Expats seek dual-citizenship as referendum insurance

Dual-Citizenship considered by many in EU

WITH the announcement that Britain would hold a referendum on EU membership by the end of 2017, a large number of people are considering whether they should try to obtain dual EU citizenship.
Prior to UK membership of the EU, there was little in the way of travel restrictions between the main European Countries and there was a great deal of worker movement around Europe although it was not as great as it is now. At the end of the day, the vote itself is unpredictable but even if the majority vote to leave the EU, it will take years, possibly decades to implement and various trade and personal safeguards will have to be negotiated between governments.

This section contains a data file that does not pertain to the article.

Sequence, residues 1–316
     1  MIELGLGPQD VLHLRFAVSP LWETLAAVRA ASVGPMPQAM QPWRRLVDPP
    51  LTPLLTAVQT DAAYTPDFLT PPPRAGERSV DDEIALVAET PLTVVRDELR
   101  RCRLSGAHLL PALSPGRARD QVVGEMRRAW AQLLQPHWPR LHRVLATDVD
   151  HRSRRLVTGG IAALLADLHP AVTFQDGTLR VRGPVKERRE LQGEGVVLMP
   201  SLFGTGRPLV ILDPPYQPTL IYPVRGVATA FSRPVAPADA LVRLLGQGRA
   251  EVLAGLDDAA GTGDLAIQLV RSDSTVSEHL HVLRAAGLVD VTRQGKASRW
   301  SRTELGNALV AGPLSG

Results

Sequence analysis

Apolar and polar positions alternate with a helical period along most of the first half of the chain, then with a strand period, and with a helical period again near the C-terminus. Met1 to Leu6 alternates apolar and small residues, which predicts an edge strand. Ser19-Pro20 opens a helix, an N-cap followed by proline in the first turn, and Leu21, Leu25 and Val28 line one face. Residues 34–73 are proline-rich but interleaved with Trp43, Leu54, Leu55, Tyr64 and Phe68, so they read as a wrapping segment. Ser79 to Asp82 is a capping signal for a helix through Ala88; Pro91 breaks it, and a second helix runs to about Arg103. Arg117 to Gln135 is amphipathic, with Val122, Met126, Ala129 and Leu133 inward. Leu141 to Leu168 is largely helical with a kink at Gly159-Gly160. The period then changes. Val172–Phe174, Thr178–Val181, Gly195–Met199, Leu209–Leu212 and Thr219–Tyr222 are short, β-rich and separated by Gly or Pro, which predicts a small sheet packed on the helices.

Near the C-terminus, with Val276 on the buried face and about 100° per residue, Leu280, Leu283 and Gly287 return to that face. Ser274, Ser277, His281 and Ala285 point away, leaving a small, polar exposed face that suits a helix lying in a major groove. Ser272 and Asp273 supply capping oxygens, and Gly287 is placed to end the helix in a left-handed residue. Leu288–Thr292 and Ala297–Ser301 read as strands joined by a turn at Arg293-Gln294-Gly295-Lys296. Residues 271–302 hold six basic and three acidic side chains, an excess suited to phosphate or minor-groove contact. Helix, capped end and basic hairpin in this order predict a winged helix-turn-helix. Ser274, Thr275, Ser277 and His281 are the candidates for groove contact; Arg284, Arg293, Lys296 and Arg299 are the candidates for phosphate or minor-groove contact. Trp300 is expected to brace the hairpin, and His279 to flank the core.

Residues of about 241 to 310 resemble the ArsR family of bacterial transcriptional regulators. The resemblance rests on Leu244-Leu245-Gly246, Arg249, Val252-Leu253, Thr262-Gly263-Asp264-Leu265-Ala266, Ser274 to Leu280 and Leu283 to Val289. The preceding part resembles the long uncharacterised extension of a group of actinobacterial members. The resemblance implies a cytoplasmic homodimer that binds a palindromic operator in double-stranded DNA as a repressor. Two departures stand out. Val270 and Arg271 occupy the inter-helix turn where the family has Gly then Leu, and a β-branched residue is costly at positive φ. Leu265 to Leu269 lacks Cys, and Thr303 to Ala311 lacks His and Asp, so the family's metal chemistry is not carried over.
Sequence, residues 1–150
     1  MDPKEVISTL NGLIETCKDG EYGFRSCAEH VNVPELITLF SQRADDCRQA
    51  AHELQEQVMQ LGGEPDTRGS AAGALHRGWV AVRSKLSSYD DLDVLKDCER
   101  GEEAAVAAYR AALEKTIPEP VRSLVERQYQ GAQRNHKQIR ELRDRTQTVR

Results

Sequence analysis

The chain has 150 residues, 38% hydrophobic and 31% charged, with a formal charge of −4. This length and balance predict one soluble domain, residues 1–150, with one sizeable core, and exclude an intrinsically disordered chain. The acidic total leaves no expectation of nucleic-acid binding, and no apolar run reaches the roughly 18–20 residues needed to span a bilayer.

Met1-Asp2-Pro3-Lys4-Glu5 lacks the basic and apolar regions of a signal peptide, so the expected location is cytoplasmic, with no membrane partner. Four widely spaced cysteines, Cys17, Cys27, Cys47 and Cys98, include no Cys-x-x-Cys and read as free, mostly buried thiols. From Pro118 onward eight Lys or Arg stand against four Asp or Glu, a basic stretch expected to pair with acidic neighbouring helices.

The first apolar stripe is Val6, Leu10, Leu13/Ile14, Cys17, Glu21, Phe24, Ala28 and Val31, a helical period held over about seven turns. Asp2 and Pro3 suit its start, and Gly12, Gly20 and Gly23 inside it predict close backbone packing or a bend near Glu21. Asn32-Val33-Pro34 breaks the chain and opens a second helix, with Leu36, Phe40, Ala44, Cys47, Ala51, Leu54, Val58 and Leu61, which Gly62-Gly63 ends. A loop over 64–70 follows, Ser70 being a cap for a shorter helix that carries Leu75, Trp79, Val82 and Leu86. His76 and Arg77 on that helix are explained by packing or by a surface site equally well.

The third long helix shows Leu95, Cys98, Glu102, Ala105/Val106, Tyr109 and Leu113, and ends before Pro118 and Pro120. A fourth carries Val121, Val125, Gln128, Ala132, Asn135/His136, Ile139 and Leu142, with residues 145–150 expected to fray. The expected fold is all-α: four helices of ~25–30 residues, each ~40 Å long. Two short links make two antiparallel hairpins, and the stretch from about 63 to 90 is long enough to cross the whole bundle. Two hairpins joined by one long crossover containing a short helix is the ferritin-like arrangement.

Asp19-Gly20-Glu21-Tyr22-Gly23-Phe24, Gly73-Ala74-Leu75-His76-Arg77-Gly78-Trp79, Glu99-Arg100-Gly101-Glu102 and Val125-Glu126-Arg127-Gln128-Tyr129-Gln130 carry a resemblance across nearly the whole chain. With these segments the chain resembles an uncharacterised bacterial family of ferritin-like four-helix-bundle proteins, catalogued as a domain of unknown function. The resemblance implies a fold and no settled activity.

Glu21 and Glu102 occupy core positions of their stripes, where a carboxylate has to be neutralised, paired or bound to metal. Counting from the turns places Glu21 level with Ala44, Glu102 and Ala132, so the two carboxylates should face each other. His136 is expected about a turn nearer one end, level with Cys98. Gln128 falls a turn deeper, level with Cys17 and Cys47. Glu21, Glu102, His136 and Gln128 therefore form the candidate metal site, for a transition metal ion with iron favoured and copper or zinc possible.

Despite this, EU passport holders resident in Britain and conversely, British passport holders resident in EU member states are seriously considering whether they wish to go to the trouble and expense of obtaining dual-citizenship to safeguard their current rights.
The UK which only recognised dual-citizenship in 1948, charges £3,700 as well as imposing a test on ´Britishness´ to obtain a British passport. There appears to be no common ground within the EU as those from Austria, Estonia, Lithuania, Luxembourg, Netherlands and Poland are not officially allowed to keep their passports if they decide to adopt a new country.
There is a certain irony in the fact that the well over one million non UK but EU passport holders living in Britain may not be allowed to vote in the referendum unless they become British Citizens!
Time will tell how the Brexit (British Exit) vote will affect people but the citizens of Norway and Switzerland don´t seem to run into too many problems even though they are not members of the EU.

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